Bye – Phir Milenge or simply bye
Yes – Haan
No – Nahi
Please – Kripya
Thank you – Dhanyavad
Sorry – Kshama or Maaf kijiye
4 – Gender Roles in India
There is still a big gender inequity in India, with many men believing they have a greater say than their partner in important decisions, forcing their partners to have sex, as well as determining what they can wear and do. Men are also considered closer to attaining spiritual liberation than women.
I talked to many men who just couldn’t understand why western women wanted to work and have financial independence. They believed the man is supposed to provide for the family and the woman should be respectful and grateful for that and stay at home raising the family. (I don’t have anything against a stay-at-home mom, if that’s what she wants to do. I just don’t agree with forcing the woman to stay at home and forbidding her from having a job). Some guys talked about it in a sweet way though. They could barely wait to have a wife and be able to pamper her and do everything for her. As you may have noticed, gender equality is another controversial topic.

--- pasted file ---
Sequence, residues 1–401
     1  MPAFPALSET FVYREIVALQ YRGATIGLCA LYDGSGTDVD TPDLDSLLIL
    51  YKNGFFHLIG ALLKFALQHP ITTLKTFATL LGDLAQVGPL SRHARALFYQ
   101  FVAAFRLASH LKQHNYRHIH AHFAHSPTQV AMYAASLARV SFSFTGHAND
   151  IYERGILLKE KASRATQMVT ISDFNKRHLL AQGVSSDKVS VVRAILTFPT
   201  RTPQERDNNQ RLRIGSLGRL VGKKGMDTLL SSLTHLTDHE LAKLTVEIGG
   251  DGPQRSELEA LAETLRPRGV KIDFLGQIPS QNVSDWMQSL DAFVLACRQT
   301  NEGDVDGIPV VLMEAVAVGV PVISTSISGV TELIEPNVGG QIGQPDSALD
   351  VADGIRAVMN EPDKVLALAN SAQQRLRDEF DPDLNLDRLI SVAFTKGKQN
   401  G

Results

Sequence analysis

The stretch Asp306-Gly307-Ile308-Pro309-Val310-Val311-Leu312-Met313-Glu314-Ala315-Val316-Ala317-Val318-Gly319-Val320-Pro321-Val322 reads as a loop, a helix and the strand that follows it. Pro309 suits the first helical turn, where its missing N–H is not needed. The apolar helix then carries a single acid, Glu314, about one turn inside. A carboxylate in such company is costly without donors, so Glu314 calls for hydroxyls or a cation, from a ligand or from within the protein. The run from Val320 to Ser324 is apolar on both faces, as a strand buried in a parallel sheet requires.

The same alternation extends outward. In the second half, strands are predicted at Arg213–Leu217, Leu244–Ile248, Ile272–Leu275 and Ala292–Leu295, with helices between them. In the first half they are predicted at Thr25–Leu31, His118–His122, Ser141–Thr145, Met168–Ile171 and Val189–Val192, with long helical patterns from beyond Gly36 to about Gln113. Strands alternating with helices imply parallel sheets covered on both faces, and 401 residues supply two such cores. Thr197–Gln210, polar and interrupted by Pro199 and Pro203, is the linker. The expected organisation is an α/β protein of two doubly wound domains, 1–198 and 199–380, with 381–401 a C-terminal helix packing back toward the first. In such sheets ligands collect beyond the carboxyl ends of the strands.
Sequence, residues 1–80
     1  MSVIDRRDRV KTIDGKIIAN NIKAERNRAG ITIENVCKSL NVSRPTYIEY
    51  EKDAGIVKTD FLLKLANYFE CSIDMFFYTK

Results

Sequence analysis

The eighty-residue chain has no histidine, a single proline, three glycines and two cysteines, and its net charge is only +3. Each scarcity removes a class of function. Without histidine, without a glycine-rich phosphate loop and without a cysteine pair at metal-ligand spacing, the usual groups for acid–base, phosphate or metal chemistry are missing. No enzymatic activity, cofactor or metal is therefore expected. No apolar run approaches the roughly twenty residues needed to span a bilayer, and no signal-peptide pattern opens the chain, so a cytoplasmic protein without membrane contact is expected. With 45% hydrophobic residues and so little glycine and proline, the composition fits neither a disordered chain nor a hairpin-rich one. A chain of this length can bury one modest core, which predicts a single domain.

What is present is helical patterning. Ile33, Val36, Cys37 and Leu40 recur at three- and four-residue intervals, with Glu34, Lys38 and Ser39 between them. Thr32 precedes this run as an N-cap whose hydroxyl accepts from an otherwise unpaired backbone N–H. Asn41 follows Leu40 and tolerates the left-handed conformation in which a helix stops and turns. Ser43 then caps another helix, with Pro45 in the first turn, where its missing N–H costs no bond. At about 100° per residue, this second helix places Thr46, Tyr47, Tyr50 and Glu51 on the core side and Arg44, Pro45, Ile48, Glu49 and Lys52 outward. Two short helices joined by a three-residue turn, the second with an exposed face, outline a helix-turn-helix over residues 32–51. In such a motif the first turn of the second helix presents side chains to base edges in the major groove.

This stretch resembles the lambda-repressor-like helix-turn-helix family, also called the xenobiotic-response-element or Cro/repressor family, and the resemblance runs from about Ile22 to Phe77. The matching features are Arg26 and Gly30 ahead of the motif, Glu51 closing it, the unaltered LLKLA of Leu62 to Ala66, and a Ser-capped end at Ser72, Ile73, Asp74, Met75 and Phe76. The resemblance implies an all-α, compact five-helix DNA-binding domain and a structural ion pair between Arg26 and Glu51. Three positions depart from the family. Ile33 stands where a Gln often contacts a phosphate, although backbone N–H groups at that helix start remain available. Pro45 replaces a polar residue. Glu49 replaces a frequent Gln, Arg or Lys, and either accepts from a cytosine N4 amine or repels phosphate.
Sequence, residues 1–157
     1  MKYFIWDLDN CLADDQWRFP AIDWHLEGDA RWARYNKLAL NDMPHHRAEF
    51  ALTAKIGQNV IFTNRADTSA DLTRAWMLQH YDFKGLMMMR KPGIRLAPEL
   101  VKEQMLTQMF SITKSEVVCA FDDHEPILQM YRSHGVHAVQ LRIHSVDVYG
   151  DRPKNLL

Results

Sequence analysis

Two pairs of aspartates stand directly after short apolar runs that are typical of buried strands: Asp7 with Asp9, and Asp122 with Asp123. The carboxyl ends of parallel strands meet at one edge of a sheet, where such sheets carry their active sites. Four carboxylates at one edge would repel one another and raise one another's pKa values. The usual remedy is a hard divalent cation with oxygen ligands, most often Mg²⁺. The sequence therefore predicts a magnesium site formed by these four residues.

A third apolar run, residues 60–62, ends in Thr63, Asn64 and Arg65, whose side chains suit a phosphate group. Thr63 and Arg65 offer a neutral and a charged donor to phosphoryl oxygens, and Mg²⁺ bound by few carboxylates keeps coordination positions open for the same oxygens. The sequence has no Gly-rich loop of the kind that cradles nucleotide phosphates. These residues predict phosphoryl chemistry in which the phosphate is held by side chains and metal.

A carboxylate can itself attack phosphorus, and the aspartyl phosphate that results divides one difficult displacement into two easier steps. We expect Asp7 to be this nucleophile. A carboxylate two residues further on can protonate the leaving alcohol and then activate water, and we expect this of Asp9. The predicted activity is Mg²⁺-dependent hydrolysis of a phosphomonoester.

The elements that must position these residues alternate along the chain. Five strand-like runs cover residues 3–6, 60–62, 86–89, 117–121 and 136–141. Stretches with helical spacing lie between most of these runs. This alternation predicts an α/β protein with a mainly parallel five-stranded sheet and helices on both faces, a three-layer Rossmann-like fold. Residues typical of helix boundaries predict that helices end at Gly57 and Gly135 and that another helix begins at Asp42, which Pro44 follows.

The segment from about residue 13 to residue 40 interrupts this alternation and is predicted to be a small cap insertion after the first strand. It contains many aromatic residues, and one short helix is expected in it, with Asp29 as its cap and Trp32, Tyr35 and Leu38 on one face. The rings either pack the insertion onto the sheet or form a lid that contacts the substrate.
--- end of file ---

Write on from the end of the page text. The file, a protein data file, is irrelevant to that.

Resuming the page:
However, I also met girls who studied and had jobs and were in a happy relationship with their partners. So there is some change happening too, towards decreasing the gender gap.
It is common to see men holding hands in the street, but not so often to see women doing it. Men do it as a sign of friendly affection rather than loving. As a matter of fact, homossexuality is still a major taboo and not so many people come out publicly. I didn’t see any homossexual public display of affection and I’ve heard that most homossexuals remain undercover even after they got married (to someone of the other sex).
One thing worth mentioning is the Hijras or transgender women (originally born men). They are considered by some as good luck and by others as a curse. You may see them asking for money in trains and often in weddings, in exchange for blessings.
5 – Arranged Marriage in India